Saturday, January 30, 2016

Pink Azaleas - Done and RJR Fun

Pink Azaleas
I finally finished another class project last week. This is for my strip applique class - Striplique? It's kind of a cute name for this method of construction.  Anyway, I finished the quilting but then thought it needed sun rays... 

Pink Azaleas without the rays
What do you think? I can always tear off the rays. I'll show my students the before and after pics and they can choose? 

The easiest way to attach the rays was to pin a double layer of white tulle to the finished quilt top and then pin on some stiff paper. All I had to do then was outline stitch around the paper with monofilament thread. 

Ray patterns pined to already quilted/finished quilt. 

Detail of the rays - you can see the mountain quilting under the tulle....

 This week I made a deal with RJR. For years and years I have loved Jinny Beyer's fabrics and I'm rather thrilled with the opportunity to work with them.  

It was like Christmas at my house on Wednesday when the first box of 1/2 yard pieces came. These are bunches of their batiks from the Malam, Malam 2014-15, and Malam III collections.  PLUS they sent me 1/2 yard pieces of from their Handspray collection.

You can already see I've pulled some out to get ready. (The greens and browns) 

Batiks and Handsprays behind them...
 I love the feel of these batiks, they aren't stiff! They seem to be thinner and more drapey in my hands. Aren't these fantastic earthy colors!? 
More fabric including a huge pile from their Danscapes Collection 

See those pink flowers on the far left? Ignore them. My daughter's long term boyfriend broke up with her so we've buried all the silk flowers he's given her over the years in my sewing room.  We are thinking of burning his football jersey, too. Grrr. Men. Actually he is young. Boys. Grrr.

But I digress.

New pictures on the wall

 Don't laugh at me but once I knew I was going to devote myself to making a few quilts for RJR, I had to redo my sewing room. Lol, I had to nest. Soooo, I took down an old quilt and put up some flower photographs my dad took years ago.  Nice, clean and uncluttered. 

That will change soon! 

Earthy batiks sorted by color and value

 My idea is to do a strip applique fall scene with hills in fall colors and a grassy foreground which will eventually have some sort of bright red foliage fused on. Maybe sumac trees? 

Luscious colors

 Oh, I wanted to show you my nice clean sewing room. I don't have the room in my small home for some big wide open expanse of play space with lots of windows overlooking mountains and meadows.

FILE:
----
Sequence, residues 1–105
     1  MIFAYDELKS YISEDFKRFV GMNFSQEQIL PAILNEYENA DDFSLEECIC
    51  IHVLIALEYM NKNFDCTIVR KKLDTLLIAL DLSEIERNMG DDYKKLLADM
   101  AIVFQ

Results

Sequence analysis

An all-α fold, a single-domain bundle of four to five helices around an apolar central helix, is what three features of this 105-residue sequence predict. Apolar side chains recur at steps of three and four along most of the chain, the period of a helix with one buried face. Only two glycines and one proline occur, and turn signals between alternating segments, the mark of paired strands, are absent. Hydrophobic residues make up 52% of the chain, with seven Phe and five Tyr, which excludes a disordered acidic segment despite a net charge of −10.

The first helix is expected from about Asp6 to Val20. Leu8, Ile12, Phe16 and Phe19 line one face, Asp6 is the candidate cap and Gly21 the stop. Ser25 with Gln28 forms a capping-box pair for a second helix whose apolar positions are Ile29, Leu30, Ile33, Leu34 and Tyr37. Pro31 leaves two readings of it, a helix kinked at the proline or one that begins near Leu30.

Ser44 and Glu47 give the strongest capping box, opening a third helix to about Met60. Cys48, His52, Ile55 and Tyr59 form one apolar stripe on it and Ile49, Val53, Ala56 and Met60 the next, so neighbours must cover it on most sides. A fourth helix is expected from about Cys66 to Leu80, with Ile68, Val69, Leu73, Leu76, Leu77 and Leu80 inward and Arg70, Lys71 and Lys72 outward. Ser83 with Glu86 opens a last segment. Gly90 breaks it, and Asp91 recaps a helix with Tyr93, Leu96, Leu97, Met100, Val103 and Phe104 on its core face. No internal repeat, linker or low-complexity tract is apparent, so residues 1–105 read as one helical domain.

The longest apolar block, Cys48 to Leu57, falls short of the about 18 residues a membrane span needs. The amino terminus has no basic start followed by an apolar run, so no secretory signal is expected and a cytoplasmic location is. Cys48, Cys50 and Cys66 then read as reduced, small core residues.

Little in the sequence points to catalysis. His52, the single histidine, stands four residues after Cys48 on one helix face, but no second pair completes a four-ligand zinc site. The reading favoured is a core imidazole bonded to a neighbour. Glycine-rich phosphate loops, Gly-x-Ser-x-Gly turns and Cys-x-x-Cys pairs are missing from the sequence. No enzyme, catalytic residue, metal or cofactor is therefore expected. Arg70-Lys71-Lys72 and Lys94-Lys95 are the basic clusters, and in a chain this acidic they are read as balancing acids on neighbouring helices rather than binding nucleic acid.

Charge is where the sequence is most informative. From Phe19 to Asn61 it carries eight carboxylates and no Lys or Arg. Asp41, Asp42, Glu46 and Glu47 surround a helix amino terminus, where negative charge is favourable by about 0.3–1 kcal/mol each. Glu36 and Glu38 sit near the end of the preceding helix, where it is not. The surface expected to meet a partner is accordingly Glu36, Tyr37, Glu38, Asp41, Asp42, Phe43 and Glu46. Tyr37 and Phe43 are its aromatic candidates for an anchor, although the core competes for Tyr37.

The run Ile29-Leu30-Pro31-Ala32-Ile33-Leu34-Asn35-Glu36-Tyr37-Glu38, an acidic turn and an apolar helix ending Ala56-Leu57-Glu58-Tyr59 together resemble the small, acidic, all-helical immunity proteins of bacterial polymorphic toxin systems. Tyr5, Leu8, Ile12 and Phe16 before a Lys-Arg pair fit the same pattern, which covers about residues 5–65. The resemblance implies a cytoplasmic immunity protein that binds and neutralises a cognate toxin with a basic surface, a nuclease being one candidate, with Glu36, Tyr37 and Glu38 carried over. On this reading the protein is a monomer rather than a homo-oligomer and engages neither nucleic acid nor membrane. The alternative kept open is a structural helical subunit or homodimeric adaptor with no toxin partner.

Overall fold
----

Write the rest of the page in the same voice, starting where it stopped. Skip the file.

I have a small room with a fish tank. 

My sewing room 

 I have canister lights and they are a bit tricky to work under but I did find full spectrum florescent light bulbs for them so that is really nice for any seasonal depression issues I may face. (I used to live in rainy Southeast Alaska and the lack of sunshine got to me after a while. I highly recommend those full spectrum bulbs if you can find them. Their color is listed as 5000 K, by the way.) 

Sketched out mountain shapes
 Sometimes my mountains and hills get away from me. I decided to try something new and sketch out roughly where they would go on my foundation. (The foundation is Pellon EK 130 Easy Knit.)

Now, I think it makes things easier to sketch out the shapes on the foundation before you start, BUT, not with a black sharpie. I'm afraid those black lines will show through any light sky fabric... we'll see how it goes. 

505 Basting Spray
 The other problem I sometimes have when I'm working with the Pellon is that it is a bit slippery and the strips I lay on it shift around. To solve this, I sprayed it with the basting spray and that worked quite nicely.

So far... 
And this is my progress so far. This week I'll be working on the sky. I'm thinking a soft sunrise with peach and apricot tones? I may also change this landscape a bit, I just started on it yesterday and I'm not sure about the 3 hills... hubby wants me to add a lake. (I love my husband, he comes down into my creative cave and pops out the craziest ideas.... then I think about them and realize they aren't too crazy, lol!)

The beauty of making this kind of landscape is that until you fuse it all down with a hot iron and steam, nothing is permanent. Hmm... maybe I could tuck a lake behind the green hill.  Green for grass - the last thing to turn brown in the fall and the perfect back drop for sumac.

Anyway, that's what is going on in my life. I'm hopeful that I'll make some awesome patterns and RJR will love me forever.

On a completely different note, I'm making a baby quilt for a very good family friend and we're thinking about Calvin and Hobbes. Every baby needs a Hobbes in their life.

(My sister had a friend - Mr. Gookenbock - who lived in our mailbox and came out to play when he was needed.)

There is so much wisdom in this little comic!

Quilt On!
Comments Welcome


  1. I have your Lovely Landscape Quilts book, I have my landscape sketch/idea, and I have a bunch of fabric I think might work. Now I need to be brave and just start putting strips together! Your photos here have inspired me to "Just Do It!"

    1. Thanks! I'm glad you like my book and the blog. I'd love to see what you come up with. Have fun!

  2. Your art is beautiful! I'm trying to teach myself. How do you applique such small pieces?
    Do you have videos?

    1. Hi Debster, no videos. The small flowers and leaves have a fusible web pressed on the wrong side of the fabrics. Then all you have to do is cut them out, arrange them where you want and press using steam. I like Steam a Seam Light, or Wonder Under paper backed fusible webs. Thanks for the compliments!